Gather round, chillun, and lemme tell y'all the tale of ornery ol' Felix Bush, an old Tennessee boy who lived out in the woods all by his lonesome back when cars was new and mules wasn't rare, in a cabin he built for hisself, with his picture of a pretty young dead girl and a few rifles to shoot in the air whenever any fool from town—mostly young boys come to see their local bogeyman—got it in his head to traipse 'cross his property lines.

Now they told all kinda stories about Bush back in town, from he was a cold-blooded killer to he was a devil to he was some kinda hollowed-out zombie left over from the War Between the States, like those Japanese fellas what hid in caves on South Pacific Islands for a dozen years after we dropped the bomb on Hiroshima, thinking the war was still on. Anyway, they told stories on Bush. But nobody really knew what he was doing out there all by his lonesome. Then one day, he hauls hisself into town, looking to buy a "living funeral." Boy ain't got no friends ner family, but wants to have a funeral while he's still kickin' and invite everyone who has a tale to tell on him. And be it truth or perjury, everybody in town has a tale to tell on ol' Felix Bush.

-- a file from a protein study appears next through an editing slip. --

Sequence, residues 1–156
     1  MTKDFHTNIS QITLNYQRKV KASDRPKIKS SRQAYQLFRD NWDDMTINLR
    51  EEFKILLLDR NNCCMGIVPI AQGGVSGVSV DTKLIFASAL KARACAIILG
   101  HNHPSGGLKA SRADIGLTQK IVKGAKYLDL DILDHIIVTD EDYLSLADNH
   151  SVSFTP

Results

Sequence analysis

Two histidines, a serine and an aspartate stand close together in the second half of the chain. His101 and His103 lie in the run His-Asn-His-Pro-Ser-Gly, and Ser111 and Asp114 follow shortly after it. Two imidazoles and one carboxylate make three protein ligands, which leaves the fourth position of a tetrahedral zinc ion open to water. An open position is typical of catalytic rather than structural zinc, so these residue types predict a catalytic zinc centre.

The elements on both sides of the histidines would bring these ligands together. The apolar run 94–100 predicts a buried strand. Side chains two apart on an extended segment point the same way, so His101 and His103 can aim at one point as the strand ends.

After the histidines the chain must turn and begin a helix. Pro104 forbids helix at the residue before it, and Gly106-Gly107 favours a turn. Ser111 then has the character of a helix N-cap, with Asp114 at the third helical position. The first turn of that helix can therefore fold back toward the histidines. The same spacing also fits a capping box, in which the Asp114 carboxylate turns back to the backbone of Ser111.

The town funeral director, now, he's hard up for cash, so he'll do whatever. And then ol' Felix Bush says on the radio that he'll raffle off his land and all its virgin timber, and then everybody gets all excited and it all builds up to the "living funeral" when you get to find out what his inexplicable solitudinousness was all about. Thing is, it ain't all that exciting. Sorta a letdown, you might say. All these good ol' boys chewin' on their grass-straws and stogies, they tell better stories (or at least hint at better stories) 'n what the truth is. You kinda wish this Hollywood director-feller, Aaron Schneider, had let looser with the legends and done less with the truth, 'cause the truth ain't all that innerestin'. (Schneider, he likes the South, and won some award for a short movie based on a William Faulkner story, and worked on a few things you never heard of, 'cept he had some small somethin' to do with Titanic.)

And he got some big-shot actors to make the movie: Robert Duvall as ol' Felix Bush, Bill Murray as the funeral director, Sissy Spacek as a wronged woman. They're okay. Duvall mostly rumbles, Murray carries on all droll-like (y'all know he's fun to watch no matter what's happening around him), and Sissy cries sometimes. Folks up at the Toronto International Film Festival went crazy for it. Hell, these old nags might even win some awards. But if that comes to pass, it'll just be because they look more comf'table on the screen than any young Hollywood dogs these days. recommended